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Professional News
Follow-Up Care Often Lacking In Depression Treatment
Psychiatric News
Volume 41 Number 18 page 1-36

Adults and children who began a new course of antidepressant therapy before the appearance of black-box warnings pertaining to SSRIs' risk of suicidality received far less follow-up monitoring than is recommended by the Food and Drug Administration (FDA).

That was the finding from a study following a cohort of more than 84,000 patients in a large managed care organization for 12 weeks. The findings appeared in the august American Journal of Managed Care.

The study is a retrospective examination of practice patterns in a commercial population before the FDA held hearings and subsequently issued black-box warnings regarding risk of suicidality with SSRIs. The new warning labels recommend at least seven visits during the first 12 weeks of treatment: weekly visits during the first four weeks, visits every other week during the next four weeks, and a visit during the 12th week.

The results of the study appear to underscore in a general way the poor rate of follow-up care for patients receiving antidepressant therapy." The results of our study suggest that follow-up care in practice is far less frequent than what is recommended by the current product labeling," wrote Glen Stetin, M.D., and colleagues. "in this study sample, more than 80 percent of patients had no mental health visits with health care providers during the first four weeks after starting antidepressant therapy, and the average patient had only one or two face-to-face visits for any purpose during that period."

Stein is with Medco Health Solutions Inc., a pharmacy benefits management company that manages prescription benefits for the population that was studied. Drug-utilization data for the study were drawn from a prescription claims database maintained by Medco. Medical utilization data, including mental health care claims data, were drawn from an administrative claims database maintained by the managed care organization.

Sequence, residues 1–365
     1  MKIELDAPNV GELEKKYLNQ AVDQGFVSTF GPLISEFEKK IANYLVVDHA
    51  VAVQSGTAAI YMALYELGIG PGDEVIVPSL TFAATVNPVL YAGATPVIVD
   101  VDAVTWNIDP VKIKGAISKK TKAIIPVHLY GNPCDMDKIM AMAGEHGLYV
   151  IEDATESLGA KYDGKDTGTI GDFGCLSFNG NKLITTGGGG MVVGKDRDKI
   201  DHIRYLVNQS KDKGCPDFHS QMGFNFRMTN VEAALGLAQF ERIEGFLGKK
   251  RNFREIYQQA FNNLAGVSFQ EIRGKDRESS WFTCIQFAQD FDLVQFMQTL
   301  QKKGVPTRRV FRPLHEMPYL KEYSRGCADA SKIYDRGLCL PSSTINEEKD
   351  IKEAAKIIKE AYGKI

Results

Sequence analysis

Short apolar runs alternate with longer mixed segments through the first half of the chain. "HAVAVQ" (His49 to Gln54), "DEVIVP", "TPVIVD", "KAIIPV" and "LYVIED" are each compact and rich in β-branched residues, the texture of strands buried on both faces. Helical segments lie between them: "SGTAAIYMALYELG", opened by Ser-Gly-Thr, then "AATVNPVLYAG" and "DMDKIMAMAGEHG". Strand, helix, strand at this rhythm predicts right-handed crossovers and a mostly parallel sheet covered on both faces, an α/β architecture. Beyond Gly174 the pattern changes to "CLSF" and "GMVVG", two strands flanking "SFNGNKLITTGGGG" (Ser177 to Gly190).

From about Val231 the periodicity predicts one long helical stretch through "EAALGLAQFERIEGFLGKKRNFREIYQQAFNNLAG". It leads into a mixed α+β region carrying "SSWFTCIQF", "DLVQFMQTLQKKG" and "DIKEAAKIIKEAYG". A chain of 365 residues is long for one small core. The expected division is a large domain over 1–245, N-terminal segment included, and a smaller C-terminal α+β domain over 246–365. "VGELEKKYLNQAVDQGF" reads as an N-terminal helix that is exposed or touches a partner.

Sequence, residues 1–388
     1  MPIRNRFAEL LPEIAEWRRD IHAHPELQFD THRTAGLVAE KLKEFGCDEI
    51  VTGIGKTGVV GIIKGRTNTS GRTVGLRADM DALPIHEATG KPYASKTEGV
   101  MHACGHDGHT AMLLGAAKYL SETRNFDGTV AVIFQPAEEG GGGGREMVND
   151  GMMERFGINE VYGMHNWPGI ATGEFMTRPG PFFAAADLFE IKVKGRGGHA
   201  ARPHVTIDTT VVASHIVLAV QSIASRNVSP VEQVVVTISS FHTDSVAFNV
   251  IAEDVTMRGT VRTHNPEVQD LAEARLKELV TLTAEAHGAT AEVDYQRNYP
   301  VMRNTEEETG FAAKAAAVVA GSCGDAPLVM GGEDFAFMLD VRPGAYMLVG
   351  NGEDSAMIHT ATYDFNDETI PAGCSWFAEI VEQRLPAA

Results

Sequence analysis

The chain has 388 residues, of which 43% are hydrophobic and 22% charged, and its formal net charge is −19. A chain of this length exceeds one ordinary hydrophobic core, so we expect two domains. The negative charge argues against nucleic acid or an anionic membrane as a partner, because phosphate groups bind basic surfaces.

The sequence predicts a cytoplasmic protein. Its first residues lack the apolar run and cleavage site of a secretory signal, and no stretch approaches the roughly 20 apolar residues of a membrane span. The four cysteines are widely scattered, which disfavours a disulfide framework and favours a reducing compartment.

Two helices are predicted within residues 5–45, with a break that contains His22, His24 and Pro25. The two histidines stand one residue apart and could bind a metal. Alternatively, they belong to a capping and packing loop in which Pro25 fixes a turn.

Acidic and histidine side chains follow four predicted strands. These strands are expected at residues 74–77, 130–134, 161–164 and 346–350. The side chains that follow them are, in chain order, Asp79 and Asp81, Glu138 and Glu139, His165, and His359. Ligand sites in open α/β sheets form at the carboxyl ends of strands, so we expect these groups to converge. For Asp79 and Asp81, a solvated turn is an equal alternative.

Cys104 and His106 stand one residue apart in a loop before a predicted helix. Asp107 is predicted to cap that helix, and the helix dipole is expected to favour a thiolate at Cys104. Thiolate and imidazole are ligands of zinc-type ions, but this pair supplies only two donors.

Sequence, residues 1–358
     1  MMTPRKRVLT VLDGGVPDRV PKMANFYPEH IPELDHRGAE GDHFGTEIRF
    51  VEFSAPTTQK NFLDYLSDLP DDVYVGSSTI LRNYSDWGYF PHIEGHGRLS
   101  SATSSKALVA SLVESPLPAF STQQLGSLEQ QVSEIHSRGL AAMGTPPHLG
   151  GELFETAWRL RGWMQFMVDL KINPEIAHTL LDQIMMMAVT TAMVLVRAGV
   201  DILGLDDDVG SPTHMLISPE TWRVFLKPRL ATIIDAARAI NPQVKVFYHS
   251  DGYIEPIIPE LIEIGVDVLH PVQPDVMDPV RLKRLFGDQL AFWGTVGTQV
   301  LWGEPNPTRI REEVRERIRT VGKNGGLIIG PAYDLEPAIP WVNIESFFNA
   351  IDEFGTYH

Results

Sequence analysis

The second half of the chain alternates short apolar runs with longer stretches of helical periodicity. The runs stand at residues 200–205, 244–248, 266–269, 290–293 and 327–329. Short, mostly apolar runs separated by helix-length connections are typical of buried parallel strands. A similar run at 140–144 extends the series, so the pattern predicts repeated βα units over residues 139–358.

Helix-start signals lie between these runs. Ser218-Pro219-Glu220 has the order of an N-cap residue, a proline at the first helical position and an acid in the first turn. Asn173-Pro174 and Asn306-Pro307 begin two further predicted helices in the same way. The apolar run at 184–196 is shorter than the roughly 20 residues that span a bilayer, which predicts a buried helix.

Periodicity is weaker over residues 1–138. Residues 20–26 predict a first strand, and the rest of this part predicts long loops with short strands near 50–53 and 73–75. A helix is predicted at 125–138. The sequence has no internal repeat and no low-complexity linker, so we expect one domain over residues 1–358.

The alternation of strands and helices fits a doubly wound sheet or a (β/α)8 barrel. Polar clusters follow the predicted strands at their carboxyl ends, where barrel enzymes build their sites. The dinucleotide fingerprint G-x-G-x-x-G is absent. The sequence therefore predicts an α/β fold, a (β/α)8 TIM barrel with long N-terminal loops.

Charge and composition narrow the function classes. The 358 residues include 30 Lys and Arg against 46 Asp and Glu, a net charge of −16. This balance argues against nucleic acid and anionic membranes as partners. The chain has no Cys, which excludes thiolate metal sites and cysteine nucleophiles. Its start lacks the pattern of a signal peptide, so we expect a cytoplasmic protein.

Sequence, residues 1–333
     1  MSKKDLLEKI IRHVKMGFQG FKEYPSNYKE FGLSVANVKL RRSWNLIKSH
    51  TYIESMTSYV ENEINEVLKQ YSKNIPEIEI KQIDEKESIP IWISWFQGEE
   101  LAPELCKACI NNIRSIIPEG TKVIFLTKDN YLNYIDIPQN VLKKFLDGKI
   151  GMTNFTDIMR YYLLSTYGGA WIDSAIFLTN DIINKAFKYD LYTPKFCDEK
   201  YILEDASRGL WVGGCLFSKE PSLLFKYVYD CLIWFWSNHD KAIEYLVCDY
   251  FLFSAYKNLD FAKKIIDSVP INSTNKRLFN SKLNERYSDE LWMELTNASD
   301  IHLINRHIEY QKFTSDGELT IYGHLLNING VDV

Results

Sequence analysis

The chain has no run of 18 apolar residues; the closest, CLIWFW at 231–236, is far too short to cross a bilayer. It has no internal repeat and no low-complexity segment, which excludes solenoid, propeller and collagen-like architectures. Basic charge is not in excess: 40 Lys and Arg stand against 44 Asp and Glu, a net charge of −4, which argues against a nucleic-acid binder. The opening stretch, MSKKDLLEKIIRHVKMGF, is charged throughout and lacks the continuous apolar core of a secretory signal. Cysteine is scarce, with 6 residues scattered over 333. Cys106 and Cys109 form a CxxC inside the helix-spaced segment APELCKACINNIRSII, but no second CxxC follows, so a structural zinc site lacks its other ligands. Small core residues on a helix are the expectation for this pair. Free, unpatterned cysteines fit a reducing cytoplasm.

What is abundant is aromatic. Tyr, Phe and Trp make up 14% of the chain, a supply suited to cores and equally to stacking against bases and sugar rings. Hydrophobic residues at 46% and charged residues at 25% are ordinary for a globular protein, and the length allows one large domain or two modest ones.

Experts who reviewed the study, and the authors themselves, said it provides only the roughest kind of approximation of what is happening to patients who are prescribed antidepressants. Moreover, it remains unknown what the optimal cost-effective level of follow-up care is; the target of seven visits in 12 weeks is an arbitrary figure, which, if followed consistently by clinicians and patients, would substantially increase costs.

"It is clear from the results of this study that improvements are needed in the timing and frequency of follow-up care for patients who start antidepressant therapy," said Stetin and colleagues. "However, it is difficult to define what level of follow-up care is a cost-effective and clinically appropriate target for health care providers... .If increased visit frequency translates into improved recovery rates, the increased costs of follow-up care may be offset by reductions in other direct costs, such as hospitalization or by reductions in indirect costs, such as absenteeism. In the absence of solid research data, these linkages remain speculative."

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A monitoring system tailored to the needs of each patient is what is needed, according to Darrel Regier, M.D., M.P.H., director of APA's Division of Research and the American Psychiatric Institute for Research and Education. Moreover, monitoring of patients has to include valid and reliable measurements of symptom severity, treatment response, and suicide risk, such as is provided by instruments like the nine-item Patient Health Questionnaire (PHQ-9).

"We have argued all along that an arbitrary target of seven visits is not the way to go," Regier told Psychiatric News. "One needs to have a way of monitoring that is more effective and tailor it to the patient. If you simply took an across-the-board recommendation that everyone has to have seven visits in 12 weeks, it would probably not be a cost-effective way to advance safety or efficacy."

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Regier noted that there has been a significant decrease in the prescribing of antidepressant medication for children since the FDA black-box warnings were issued.

"The question is, given this drop in the rate of prescribing, has it resulted in a higher proportion of those receiving medications having the recommended visit rate? More important, what is the outcome in disability and suicide risk for those not receiving treatment because of this FDA requirement? and what is the treatment response and suicide risk reduction for those with an increased visit rate?